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Title: Hierarchical architectures and learning algorithms for multi-label image classification and scene categorization
Authors: Chen, Zenghai
Degree: Ph.D.
Issue Date: 2014
Abstract: This thesis presents hierarchical architectures and learning algorithms for multi-label image classification and scene categorization. Three main contributions are reported in the thesis. They include: (1) an adaptive recognition model based on neural networks for image annotation; (2) a hierarchical neural approach for multi-instance multi-label image classification; and (3) a hybrid holistic and object-based approach for scene categorization. In the first investigation, we propose an adaptive recognition model based on neural networks for annotating images. The Adaptive Recognition Model (ARM) consists of an adaptive ClassiFication Network (CFN) and a nonlinear Correlation Network (CLN). The adaptive CFN aims to annotate an image with labels, and the CLN is used to unveil the correlative information of labels for annotation refinement. Image annotation is carried out by an ARM in two stages. In the first stage, the features extracted from regions of the input images are fed to a CFN to produce classification labels. In the second stage, the CLN uses label correlations learnt from the training images to refine the classification result. The ARM works in a forward-propagating manner, resulting in high efficiency in image annotation. Furthermore, the computational time of an ARM is insensitive to the number of regions of the input image and the vocabulary size. In this thesis, the effect of label correlation in image annotation is, comprehensively, studied on a real image dataset and a synthetic image dataset. The exploitation of a controllable synthetic dataset helps to systematically study the function of label correlation and effectively analyze the performance of the ARM. Experimental results demonstrate the efficiency and effectiveness of the proposed ARM. In the second investigation, we propose a multi-instance multi-label algorithm based on hierarchical neural networks for image classification. Image annotation can be regarded as a multi-instance multi-label image classification problem. But different from the first investigation that requires regional ground truth for model training, the model proposed in the second investigation can be trained using the image ground truth only. In particular, the proposed model, termed Multi-Instance Multi-Label Neural Network (MIMLNN), consists of two stages of MultiLayer Perceptrons (MLPs). For multi-instance multi-label image classification, all the regional features are fed to the first-stage MLPs, with one MLP copy processing one image region. After that, the MLP in the second stage incorporates the outputs of the first-stage MLPs to produce the final labels for the input image. The first-stage MLP is expected to model the relationship between regions and labels, while the second-stage MLP aims at capturing the label correlation for classification refinement. The classical error Back-Propagation (BP) approach is adopted to tune the parameters of MIMLNN. In view of that the traditional gradient descent algorithm suffers from the long-term dependency problem, a refined BP algorithm named Rprop is extended to effectively train MIMLNN. Experiments are conducted on a synthetic dataset and the widely-used Corel dataset. Experimental results demonstrate the superior performance of MIMLNN by comparing with state-of-the-art algorithms for multi-instance multi-label image classification.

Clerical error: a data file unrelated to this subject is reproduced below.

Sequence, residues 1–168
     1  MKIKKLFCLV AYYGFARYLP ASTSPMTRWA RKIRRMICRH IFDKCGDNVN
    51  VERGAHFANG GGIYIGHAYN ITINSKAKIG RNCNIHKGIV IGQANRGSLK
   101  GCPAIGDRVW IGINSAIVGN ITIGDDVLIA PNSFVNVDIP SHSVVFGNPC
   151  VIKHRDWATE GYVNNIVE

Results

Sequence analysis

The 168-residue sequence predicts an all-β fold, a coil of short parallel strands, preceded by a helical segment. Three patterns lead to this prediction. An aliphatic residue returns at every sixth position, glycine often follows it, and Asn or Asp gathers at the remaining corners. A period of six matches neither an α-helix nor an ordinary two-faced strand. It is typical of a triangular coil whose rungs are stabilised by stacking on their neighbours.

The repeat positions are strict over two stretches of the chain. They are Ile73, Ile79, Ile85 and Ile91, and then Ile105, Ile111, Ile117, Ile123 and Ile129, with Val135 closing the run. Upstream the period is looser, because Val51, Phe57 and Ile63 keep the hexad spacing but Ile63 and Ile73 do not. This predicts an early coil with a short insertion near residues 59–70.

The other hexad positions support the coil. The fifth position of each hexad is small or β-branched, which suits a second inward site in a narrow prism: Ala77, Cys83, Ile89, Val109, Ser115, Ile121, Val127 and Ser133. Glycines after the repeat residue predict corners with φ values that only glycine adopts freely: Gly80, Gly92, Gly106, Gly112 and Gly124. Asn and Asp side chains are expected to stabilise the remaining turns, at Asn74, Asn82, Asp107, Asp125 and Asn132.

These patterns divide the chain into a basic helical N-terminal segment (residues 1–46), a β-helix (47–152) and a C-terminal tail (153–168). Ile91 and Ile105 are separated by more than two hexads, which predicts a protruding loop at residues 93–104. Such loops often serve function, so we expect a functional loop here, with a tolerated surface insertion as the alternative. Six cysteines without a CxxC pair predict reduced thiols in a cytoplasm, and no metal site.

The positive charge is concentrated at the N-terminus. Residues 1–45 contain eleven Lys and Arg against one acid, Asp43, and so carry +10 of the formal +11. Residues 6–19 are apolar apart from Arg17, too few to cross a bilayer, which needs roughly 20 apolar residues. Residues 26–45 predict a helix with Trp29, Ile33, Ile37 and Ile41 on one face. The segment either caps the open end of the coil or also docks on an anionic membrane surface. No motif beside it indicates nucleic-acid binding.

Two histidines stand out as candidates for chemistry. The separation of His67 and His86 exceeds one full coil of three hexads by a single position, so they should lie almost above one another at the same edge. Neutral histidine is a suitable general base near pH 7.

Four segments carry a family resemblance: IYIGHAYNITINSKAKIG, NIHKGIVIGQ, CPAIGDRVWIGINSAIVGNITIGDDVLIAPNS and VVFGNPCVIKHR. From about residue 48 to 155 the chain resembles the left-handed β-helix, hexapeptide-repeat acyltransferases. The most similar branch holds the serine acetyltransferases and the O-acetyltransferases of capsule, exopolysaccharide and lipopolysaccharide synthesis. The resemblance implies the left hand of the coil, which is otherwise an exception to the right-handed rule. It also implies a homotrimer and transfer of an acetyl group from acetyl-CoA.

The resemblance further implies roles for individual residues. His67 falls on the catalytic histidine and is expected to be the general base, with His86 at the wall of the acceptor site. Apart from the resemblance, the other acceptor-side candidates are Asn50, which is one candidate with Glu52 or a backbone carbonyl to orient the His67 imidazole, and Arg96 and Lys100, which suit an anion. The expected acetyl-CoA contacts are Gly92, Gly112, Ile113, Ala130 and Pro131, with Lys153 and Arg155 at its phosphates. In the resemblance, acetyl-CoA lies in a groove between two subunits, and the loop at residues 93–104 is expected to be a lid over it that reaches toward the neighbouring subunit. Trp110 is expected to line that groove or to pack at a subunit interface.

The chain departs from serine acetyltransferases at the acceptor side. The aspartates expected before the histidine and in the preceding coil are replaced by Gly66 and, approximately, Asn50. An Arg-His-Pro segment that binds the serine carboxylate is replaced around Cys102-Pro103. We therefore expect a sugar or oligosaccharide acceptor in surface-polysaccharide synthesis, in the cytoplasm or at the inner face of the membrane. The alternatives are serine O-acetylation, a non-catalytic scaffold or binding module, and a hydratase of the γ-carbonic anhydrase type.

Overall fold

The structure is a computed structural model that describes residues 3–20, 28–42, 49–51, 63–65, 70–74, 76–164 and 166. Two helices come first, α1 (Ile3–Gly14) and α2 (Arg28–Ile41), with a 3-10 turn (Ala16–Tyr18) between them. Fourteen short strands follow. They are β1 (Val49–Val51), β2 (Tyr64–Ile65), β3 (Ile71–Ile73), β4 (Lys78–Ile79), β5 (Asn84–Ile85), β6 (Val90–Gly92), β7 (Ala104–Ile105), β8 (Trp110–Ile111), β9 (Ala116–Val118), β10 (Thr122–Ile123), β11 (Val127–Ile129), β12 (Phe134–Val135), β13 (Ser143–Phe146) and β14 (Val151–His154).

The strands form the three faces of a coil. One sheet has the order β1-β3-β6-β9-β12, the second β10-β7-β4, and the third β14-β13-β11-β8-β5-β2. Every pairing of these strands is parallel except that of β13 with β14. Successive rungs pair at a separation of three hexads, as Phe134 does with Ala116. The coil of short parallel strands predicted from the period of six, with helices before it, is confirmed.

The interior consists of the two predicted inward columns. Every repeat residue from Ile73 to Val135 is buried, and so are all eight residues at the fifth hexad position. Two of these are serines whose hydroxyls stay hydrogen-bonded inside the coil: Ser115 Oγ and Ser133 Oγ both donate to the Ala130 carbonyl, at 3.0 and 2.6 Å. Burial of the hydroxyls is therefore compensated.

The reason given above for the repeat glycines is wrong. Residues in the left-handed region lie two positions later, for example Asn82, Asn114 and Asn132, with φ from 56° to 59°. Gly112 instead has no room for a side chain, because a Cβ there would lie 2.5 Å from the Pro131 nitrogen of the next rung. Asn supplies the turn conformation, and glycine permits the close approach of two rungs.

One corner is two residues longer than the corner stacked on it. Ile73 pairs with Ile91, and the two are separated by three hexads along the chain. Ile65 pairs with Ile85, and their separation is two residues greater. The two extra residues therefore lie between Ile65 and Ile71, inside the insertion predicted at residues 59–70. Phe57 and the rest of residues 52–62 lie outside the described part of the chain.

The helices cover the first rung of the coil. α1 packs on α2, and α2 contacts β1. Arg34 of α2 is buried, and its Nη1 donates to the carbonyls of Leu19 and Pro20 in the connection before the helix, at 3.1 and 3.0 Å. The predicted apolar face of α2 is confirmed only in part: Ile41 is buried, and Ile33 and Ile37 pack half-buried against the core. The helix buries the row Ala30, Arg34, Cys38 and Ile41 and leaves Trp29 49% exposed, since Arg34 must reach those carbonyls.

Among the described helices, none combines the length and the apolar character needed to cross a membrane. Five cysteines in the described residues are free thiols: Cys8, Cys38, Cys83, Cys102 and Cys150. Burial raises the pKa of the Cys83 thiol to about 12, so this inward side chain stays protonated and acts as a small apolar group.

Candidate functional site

In the third investigation, we target at scene categorization (termed scene classification as well). We first employ a deep learning algorithm of a hierarchical architecture to classify scenes, and show that the deep learning algorithm is a promising holistic approach for scene classification. After that, we propose a hybrid holistic and object-based approach for scene classification. In particular, if the decisions made by holistic and object-based approaches are identical, the scene class agreed by them is selected as the final decision. Otherwise, a majority voting scheme is employed to make the final decision based on the results of all the classifiers of both holistic and object-based approaches. At the end of this thesis, a conclusion is drawn and three future research directions are pointed out. The three directions all concentrate on deep neural networks. In particular, the first direction is to explore an efficient image classification network based on MIMLNN using deep neural networks. In the second direction, we would like to label each image pixel, and then explore deep neural networks to obtain the scene class by learning from all the pixel labels. In the third direction, we would like to perform scene parsing using deep neural networks.
Subjects: Computer vision -- Mathematics.
Image processing.
Machine learning.
Hong Kong Polytechnic University -- Dissertations
Pages: xviii, 122 p. : ill. (some col.) ; 30 cm.
Appears in Collections:Thesis

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